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New-York tribune. [volume] (New York [N.Y.]) 1866-1924, September 07, 1904, Image 1

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>OI LXIV N*' 21.115.
1 Captain fTianVea 3 Captain Butts. t Colonel Helstead. adjutant general of corps. 4 Captain
I'i-kman. general staff. 6 Colonel l>ravo. chief commissary. 6 Captain Taylor, observer. 7 Gen
eral Crozi^r ichtef of ordnance), observer. 8 Major Clarence ;.loor<\ observer. 9 Captain Pershluc.
assistant to chief of staff. 10 Colonel Knight, chief of staff. 11 Captain Thompson, assistant "chief
or staff. */;
Final Decision Reached After a Long and Stormy Confcrcmr in August
Belmont 's Office — Papers To Be Signed To-day.
"It Is all settled. The boys get their ?3 50 a
day and work ten hours." #
This terse statement, made at 7:30 o'clock last
right by K. P. Bryan, vice-president of the
Jnterborough Rapid Transit Company.' an
nounced the settlement of the difficulties be
tween the elevated employes over the scale of
wages to be paid subway inotormen. It meant
that the danger of a tie-up of the entire elevated
system of Manhattan, which has hung like a
threatening cloud for more than a week* was
averted. It meant that organized labor, with
the aid of political and other Aimely influences,
had won a decided victory over one of the most
X>owerful municipal transportation corporations.
It meant that the motormen had proved their
•iaim to skilled workmanship that could not be
supplied by the ordinary type of strikebreaker.
This is the fourth threatened elevated strike
to be averted by compromise at the last ditch
Within two years, and it would seem that neither
the ofSclaJs of the road nor the leaders of the
labor organizations representing the employes
*r» willing to brave the storm of public indigna-
I'otj that would be aroused at the tie-up of the
f leveled system.
— tn—sntr, 1t»02.~ following the change in Janu
ary of the motive power on the elevated from
eifajv to electricity, the engineers, having; be
come motonnen, demanded a nine hour day. it
«as refused, and Grand Chief Arthur of the
engineers, »nd the head of the firemen, came
h*re a* take charge of the negotiations. A
strike w&<« threatened, but a compromise, where-
Iv the men gained practically a nine hour day
through the adjustment of "swing?," was agreed
to in August.
In October. 3902, the elevated road officials put
all the motormen through a physical examina
tion, as the result of which several were dropped.
The motormen thereupon demanded a lees se
vere examination and the national leaders came
on to enforce the demand. A strike was voted
for, but again a compromise agreement averted
In March af the same year the employes ex
clusive of the motormen, hitherto unorganized,
formed a branch of the Amalgamated Associa
tion and asked for higher pay and a nine hour
flay. The wage demand was adjusted, but a
refusal to give the nine hour day brought on a
vote for a strike in April. Negotiations were
continued, however, and a compromise averted
* tie-up.
111 1 t\a« said after the conference that the He-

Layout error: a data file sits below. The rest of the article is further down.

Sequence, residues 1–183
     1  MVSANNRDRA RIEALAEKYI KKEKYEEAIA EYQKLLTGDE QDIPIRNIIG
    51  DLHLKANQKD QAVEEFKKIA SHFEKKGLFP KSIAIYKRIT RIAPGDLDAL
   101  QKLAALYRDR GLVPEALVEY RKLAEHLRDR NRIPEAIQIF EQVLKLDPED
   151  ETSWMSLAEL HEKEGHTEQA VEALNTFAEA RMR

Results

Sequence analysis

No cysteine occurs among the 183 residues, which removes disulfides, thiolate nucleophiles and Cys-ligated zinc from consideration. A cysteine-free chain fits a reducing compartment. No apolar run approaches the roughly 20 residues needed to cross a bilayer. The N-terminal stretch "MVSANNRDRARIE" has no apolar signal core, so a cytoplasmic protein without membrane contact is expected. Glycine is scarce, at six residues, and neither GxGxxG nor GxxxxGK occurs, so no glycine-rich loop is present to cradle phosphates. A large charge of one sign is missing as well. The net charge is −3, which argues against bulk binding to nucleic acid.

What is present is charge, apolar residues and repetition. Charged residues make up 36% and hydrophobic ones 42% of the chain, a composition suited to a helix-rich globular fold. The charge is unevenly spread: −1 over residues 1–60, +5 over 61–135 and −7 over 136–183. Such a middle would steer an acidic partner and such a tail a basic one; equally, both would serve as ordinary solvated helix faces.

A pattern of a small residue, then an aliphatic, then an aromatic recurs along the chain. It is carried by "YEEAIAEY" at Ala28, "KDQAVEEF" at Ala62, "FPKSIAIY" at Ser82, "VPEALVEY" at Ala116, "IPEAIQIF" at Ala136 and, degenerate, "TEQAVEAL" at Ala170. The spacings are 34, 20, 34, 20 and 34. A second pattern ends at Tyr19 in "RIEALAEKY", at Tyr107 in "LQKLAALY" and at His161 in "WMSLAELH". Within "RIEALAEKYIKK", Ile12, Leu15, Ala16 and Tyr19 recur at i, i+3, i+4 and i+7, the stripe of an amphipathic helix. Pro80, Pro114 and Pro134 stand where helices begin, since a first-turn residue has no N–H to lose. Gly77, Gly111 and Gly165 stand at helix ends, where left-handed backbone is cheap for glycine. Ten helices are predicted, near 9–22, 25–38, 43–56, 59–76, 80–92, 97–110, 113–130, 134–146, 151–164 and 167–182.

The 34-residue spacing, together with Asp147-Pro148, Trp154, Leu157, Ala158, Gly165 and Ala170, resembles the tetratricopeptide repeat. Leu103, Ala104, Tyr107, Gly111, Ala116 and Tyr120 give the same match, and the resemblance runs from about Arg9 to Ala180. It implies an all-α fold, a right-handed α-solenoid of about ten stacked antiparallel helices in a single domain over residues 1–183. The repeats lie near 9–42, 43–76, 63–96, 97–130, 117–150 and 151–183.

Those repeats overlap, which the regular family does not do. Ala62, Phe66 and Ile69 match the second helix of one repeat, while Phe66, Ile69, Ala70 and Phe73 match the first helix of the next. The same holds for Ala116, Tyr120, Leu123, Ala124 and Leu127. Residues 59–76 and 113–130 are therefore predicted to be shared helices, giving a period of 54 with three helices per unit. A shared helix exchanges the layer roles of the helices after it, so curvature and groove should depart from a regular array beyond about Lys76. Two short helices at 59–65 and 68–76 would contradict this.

men would have the first choke of subway
Jaka. This was a aiuch mooted question, as the
«ompany had been hiring men to run the sul.
»r*. The men had had opportunity to ap
- t.ut had nepiP<ted to „., >.., |,
aid that the ompany will g-jve all pref
♦•-enceF to the elevated road men v lv,
In the subway.
It took Mr. Bryan Ices than half a minute to
t-11 the . reporters who were welting that there
r.ns no danger of a strike. But that statement
■*«••« made possible only by a conference at
August Belmont's banking house, No. 120
P.roadway, which lasted fully five-hours among
the company officials, the employes and the
heads of their national organizations. It was an
«x<-iti!ig conference, a conference of loud words
end at times angry gestures. Almost until the
very • id it looked a* if there would be no com
l»rr,jtilsp and that the meeting would end in a
strike order. ■'/-'.•■?
Th» fighting for the company was don* by
Mr. van and General Superintendent Hedley,
•ffco has fought elevated strikes in Chicago, it
I' said they favored standing firm on th*» wag*
<jumion and testing the elaborate strifcebreak-
I*s arrangement which they have worked nlphi
■ad day to perfect.* Finally, when he became
<«nvinced that the men would not yield without
* bitter struggle. It is said Mr. Belmont cau
tiously brought forward the compromise which
*a* adopted. He offered them the wages' th*y
Remanded If they would accept the company's
Incurs. .
The conference had been In session so long
t-iHi it was Impossible to put the agreement in
'•vrit'ns. It will be prepared in all its details
fcr Mr. Bryan to-day, and there will be a meet
i«Z cf the company officials syid employes at
the company's office in the Park Row Building
?arly this afternoon, at which it will be finally
ratified and signed. Both the national officers
of the labor organizations and the company offi
cials declare that there will be no hitch and that
all <hn;i.-. ; of a strike has passed.
At '.';3<» a. m, th« lobby of the K'juttßl.l*
Bul'.filng. in which Mr Bdaseal'c bonking nous*
has office*, looked like the meeting place of a.
labor congress. Members of th" executive and
rtrlke committees of the three organizations,
«»«ity-Qv» strong, gathered there to wait- for
their national officer*. Stone and Hurley, of the
Engineer*; Mahon and Orr. of the Amalgamated,
anil Wilson, of the Firemen, soon Joined them.
. .iol'i
To-day, f a j r
fa-morrow, fair; Hsrbt to frc'h #outh , a Hind*.
and the entire party filed into the big board
"meeting room on the second floor, where Mr.
Belmont and his aids, Vice-President Bryan and
Superintendent Hedl»y, were walling.
After they had been In session for four hours
labor leaders who left the room for a few mo
ments said a settlement was doubtful. Bryan
and Hedley were fighting against giving in an
inch. Their stubbornness only Increased the
determination of the employes. Then word
came out that they had found a common ground